Champions for Children
Philadelphia Inquirer [Pennsylvania]
November 17, 2006
Who will watch over the youngest victims of sexual abuse?
It took more than a year after a Philadelphia grand jury report on sexual abuse by Catholic priests, but Harrisburg lawmakers in the state House of Representatives finally answered that question this week: They will.
Joining the Senate, which acted in June, House members on Wednesday gave their overwhelming support to key changes in Pennsylvania's child sex-abuse laws.
The legal overhaul - now requiring the Senate's concurrence on amendments - seeks to close several troubling loopholes in state law.
It was as a result of a loophole on reporting abuse allegations that officials in the Archdiocese of Philadelphia managed to duck responsibility for rousting priests who abused parish children.
Church leaders such as former Cardinal Anthony Bevilacqua received reports of priests who molested children, but they didn't alert authorities because state law did not require reporting second-hand allegations.
That deeply cynical, hear-no-evil approach to the officials' stewardship of their flock was exposed 14 months ago by the grand jury.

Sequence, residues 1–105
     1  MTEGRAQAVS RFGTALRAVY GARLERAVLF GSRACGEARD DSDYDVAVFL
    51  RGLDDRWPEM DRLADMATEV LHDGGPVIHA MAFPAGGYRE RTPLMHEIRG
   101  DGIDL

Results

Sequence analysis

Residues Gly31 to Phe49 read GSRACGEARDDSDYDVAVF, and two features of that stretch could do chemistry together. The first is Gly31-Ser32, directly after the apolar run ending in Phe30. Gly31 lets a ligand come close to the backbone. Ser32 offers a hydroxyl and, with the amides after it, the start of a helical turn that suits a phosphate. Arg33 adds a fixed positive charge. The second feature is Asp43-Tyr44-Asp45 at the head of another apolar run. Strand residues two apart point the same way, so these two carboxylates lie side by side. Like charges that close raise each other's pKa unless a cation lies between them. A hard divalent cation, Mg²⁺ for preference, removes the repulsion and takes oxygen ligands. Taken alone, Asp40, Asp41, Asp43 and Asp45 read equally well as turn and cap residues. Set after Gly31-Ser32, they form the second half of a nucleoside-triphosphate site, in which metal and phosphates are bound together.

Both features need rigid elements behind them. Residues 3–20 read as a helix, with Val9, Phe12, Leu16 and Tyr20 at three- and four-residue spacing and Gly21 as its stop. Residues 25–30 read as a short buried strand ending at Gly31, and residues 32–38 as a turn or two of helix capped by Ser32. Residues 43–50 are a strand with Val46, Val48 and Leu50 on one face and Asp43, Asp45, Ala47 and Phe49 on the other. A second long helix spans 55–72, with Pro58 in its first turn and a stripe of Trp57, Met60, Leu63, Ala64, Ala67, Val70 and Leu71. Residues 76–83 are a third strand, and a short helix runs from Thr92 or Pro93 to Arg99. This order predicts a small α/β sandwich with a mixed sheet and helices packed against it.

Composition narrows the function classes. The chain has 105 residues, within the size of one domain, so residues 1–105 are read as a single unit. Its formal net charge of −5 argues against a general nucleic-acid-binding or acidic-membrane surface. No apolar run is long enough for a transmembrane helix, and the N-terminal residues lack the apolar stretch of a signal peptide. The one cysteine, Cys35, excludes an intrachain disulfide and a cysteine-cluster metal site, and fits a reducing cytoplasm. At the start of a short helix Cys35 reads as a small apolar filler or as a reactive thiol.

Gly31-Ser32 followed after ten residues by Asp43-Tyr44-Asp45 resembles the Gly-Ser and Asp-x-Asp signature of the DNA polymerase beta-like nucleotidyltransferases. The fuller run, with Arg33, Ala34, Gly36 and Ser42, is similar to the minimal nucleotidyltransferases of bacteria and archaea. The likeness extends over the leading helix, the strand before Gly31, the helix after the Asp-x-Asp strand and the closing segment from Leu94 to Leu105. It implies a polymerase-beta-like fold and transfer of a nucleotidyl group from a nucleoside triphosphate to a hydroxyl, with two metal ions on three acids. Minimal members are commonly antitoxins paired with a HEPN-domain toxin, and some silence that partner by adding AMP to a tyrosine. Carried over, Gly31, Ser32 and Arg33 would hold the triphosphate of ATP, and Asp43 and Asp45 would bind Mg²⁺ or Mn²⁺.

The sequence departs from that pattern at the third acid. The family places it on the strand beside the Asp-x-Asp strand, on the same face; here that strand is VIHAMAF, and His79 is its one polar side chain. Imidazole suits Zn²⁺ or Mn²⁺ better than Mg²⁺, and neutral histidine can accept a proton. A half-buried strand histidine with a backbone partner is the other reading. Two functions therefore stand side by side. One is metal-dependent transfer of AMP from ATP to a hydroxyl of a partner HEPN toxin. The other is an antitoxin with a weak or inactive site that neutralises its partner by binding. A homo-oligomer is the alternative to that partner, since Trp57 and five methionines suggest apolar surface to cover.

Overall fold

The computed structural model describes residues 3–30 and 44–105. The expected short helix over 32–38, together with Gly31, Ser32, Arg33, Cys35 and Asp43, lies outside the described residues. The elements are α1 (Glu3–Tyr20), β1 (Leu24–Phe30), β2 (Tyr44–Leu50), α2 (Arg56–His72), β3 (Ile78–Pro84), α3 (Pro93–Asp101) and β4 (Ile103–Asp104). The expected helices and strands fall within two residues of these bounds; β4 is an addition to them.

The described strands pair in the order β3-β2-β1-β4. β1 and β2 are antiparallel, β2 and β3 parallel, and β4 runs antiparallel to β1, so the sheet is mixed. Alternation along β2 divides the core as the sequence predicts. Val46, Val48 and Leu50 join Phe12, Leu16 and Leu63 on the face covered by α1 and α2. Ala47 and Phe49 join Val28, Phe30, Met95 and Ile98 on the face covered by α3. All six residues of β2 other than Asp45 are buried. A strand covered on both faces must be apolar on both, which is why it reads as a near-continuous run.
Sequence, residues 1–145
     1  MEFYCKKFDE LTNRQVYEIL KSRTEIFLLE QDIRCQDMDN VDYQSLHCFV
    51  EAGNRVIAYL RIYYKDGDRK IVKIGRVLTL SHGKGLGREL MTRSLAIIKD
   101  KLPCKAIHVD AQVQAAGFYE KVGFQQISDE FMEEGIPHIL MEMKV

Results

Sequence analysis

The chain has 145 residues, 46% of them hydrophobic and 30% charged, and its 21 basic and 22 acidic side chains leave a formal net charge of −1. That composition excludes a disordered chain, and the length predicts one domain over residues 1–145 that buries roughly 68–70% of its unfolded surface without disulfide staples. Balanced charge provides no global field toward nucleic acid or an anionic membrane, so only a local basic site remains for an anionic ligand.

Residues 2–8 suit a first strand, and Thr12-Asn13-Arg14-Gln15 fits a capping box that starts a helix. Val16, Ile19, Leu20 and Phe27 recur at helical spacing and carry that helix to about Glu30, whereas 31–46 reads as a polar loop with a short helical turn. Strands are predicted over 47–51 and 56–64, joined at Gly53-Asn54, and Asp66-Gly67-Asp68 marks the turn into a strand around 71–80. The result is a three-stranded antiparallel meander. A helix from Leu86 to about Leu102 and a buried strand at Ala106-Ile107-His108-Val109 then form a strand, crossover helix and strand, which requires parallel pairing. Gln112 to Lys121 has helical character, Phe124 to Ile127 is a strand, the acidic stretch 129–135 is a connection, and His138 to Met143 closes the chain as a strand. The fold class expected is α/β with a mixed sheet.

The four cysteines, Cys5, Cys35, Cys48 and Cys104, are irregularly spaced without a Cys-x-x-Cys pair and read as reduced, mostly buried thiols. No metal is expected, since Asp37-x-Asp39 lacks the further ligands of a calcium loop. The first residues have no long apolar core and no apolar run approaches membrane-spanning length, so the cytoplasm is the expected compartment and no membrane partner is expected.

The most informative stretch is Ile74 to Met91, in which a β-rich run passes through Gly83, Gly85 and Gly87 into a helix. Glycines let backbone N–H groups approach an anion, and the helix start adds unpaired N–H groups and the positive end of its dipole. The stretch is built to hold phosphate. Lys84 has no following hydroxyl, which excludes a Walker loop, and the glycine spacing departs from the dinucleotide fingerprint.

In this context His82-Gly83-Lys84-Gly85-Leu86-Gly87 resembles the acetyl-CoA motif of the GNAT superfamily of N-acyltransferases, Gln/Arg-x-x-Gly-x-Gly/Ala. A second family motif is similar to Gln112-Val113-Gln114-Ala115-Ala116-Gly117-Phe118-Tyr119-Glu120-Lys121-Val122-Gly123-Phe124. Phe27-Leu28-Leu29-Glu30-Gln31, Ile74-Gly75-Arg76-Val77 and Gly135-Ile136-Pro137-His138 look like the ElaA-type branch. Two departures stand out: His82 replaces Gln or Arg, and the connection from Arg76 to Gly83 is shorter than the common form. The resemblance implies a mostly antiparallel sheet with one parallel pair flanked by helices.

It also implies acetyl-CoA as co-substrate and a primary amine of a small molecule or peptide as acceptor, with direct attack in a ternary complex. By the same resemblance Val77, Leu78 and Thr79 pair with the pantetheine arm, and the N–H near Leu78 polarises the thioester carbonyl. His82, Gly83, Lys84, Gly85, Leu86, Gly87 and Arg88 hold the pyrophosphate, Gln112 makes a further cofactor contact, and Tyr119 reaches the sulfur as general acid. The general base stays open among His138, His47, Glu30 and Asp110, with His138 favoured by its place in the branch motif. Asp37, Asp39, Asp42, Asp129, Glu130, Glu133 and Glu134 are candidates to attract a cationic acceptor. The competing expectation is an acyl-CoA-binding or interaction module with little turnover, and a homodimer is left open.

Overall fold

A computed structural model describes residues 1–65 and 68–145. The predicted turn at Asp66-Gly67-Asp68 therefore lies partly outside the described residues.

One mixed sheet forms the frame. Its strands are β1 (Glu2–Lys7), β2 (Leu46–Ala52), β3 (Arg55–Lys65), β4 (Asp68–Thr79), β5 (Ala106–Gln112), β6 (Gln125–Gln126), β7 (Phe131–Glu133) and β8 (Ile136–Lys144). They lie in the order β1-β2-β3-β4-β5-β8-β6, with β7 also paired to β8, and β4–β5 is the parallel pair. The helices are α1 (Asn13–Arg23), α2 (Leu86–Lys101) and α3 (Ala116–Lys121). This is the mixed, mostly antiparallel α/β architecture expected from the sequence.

Jurors amassed "overwhelming evidence that two former cardinals and their aides concealed and facilitated" the priests' child abuse, according to two former Philadelphia prosecutors who worked on the case. But the two came away frustrated, concluding that lax reporting requirements and the statute of limitations ruled out criminal charges.
So the jury's most important legacy may prove to be its call for legal reforms - now adopted, in large part, by the House.
The House-approved measure expands the mandate of employers and supervisors to report allegations of child sexual abuse to authorities, grants abuse victims until age 50 to seek justice, and requires background checks of more adults who work near children, among other changes.
There had been calls to remove the statute of limitations on prosecuting child sexual abuse entirely. But raising the reporting age from 30 to 50 is a meaningful improvement. Victims often require decades to face up to their abusers.
The expanded reporting time should mean that fewer abuse allegations will remain concealed, as was the practice for decades in the Philadelphia archdiocese.
These legal safeguards would be prospective, applying only to future abuse cases. On redressing past wrongs, to their shame church leaders across the state - and nation - continue to oppose a special one-time, one-year window allowing lawsuits for decades-old cases of abuse. Until lawmakers step up to offer past victims a measure of justice, their work will be unfinished.
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